Roll Your Own Secure Cloud Storage with SSHFS - Secure Shell File System

Continuing with SOCKS5, SSH, Public Key Pairs and fingerprints, Darren and Shannon use SSH to create a secure remotely mounted network file system with implementations in both Windows and Linux.

Using the SSHFS utility we're able to mount a remote filesystem. Since we already have a secure tunnel to our server over SSH, which we've been thus far using as a SOCKS5 proxy, we're now able to store files securely online with the same mechanism. Using FUSE, or File System in User Space, we're able to achieve this without the need to load kernel modules -- a process which would require superuser privileges." alt="Hak5" style="height: 250px; float: right; margin: 0 0 10px 10px;">

SSHFS on Linux
As Darren demonstrates in Linux the setup is quite simple. Begin by installing SSHFS. From ubuntu that's "sudo apt-get install sshfs". Once installed your user will need to be added to the fuse group, so issue "sudo gpasswd -a $USER fuse". The $USER is an environment variable which will be replaced with your username on execution. Issue "whoami" if you're not sure of your username.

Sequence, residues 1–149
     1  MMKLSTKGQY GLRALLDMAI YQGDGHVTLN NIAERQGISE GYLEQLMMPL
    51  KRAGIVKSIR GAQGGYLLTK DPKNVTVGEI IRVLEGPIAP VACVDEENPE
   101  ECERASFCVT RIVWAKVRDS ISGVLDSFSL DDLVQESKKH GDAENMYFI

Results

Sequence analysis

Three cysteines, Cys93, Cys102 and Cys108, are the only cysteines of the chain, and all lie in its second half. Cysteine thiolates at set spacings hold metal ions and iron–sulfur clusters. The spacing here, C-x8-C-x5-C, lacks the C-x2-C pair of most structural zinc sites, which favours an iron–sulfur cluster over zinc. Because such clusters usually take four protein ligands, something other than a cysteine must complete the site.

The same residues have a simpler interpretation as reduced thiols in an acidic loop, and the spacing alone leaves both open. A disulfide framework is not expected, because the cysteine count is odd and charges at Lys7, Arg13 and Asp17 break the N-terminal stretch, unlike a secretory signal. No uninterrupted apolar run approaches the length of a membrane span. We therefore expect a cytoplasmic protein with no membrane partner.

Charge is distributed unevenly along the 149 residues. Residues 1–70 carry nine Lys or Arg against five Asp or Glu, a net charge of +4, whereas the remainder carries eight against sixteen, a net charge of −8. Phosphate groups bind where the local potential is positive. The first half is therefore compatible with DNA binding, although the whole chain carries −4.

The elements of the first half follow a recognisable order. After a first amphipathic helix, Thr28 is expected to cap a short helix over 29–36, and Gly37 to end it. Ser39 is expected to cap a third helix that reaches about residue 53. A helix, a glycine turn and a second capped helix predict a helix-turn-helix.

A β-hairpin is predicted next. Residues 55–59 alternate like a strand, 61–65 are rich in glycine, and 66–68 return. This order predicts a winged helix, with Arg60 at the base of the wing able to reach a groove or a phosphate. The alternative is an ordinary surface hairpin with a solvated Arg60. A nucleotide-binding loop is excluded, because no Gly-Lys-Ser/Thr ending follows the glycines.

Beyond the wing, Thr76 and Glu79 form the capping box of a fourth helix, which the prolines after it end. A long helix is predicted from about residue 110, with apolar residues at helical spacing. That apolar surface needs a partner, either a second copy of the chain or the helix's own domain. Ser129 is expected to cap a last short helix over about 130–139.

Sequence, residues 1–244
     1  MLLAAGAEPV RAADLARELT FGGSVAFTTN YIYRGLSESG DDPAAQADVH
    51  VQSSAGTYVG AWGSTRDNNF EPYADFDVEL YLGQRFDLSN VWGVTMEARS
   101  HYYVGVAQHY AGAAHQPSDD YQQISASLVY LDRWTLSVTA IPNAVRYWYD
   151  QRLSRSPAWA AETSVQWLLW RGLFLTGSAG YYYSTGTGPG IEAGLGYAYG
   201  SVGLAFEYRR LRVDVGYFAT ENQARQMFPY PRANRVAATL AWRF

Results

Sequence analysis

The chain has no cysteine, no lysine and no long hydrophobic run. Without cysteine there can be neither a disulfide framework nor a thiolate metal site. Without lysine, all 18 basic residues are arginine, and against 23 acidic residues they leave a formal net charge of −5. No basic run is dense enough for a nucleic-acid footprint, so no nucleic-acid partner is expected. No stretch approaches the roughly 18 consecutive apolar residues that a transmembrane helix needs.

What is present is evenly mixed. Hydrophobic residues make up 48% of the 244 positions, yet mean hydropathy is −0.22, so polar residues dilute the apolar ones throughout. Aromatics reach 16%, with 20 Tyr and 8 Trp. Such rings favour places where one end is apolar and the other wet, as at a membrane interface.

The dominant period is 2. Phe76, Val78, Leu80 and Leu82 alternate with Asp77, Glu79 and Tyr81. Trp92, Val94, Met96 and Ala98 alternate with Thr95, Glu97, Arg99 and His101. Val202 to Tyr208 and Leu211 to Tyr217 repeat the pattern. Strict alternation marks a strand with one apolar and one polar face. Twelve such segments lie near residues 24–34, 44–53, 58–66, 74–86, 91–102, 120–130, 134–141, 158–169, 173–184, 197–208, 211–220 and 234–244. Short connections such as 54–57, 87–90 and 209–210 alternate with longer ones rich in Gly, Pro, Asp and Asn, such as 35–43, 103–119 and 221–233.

Once SSHFS has been installed and your user added to the fuse group you're nearly ready to mount the remote file system. Begin by making a directory. This directly will act as the mount point for the remote file system. Issue "sudo mkdir ~/sshfs" to make an sshfs directory in your user's home.

Finally we're ready to mount the remote file system. If you've been following along thus far and have setup authentication key pairs for your SSH server the following should be pretty seamless. Issue "sshfs -o idmap=user username@host: ~/sshfs". Replace username and host as appropriate. The colon (:) after the host specifies the location on the remote server to mount. For example, if permissions allowed, /var/www/ could be mounted. Leaving the location as colon (:) defaults to the user's home directory. Now navigate to ~/sshfs on your local system and behold the remote file system!

SSHFS on Windows
As Shannon demonstrates, ExpanDrive offers SSHFS for Windows. In addition ExpanDrive will mount virtual drives from Amazon S3 and even FTP. The software is $40 with a 30-day trial. It supports SSH public keys directly or with pageant.